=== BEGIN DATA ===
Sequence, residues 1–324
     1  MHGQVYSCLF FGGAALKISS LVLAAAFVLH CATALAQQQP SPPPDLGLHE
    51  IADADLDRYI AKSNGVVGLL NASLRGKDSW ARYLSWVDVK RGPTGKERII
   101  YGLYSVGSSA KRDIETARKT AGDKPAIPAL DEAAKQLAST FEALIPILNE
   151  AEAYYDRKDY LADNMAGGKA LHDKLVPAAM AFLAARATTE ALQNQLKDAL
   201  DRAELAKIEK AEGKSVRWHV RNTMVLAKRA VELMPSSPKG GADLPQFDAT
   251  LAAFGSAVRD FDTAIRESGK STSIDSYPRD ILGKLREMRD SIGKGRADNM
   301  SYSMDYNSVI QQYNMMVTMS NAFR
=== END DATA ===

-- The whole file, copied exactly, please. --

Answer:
Sequence, residues 1–324
     1  MHGQVYSCLF FGGAALKISS LVLAAAFVLH CATALAQQQP SPPPDLGLHE
    51  IADADLDRYI AKSNGVVGLL NASLRGKDSW ARYLSWVDVK RGPTGKERII
   101  YGLYSVGSSA KRDIETARKT AGDKPAIPAL DEAAKQLAST FEALIPILNE
   151  AEAYYDRKDY LADNMAGGKA LHDKLVPAAM AFLAARATTE ALQNQLKDAL
   201  DRAELAKIEK AEGKSVRWHV RNTMVLAKRA VELMPSSPKG GADLPQFDAT
   251  LAAFGSAVRD FDTAIRESGK STSIDSYPRD ILGKLREMRD SIGKGRADNM
   301  SYSMDYNSVI QQYNMMVTMS NAFR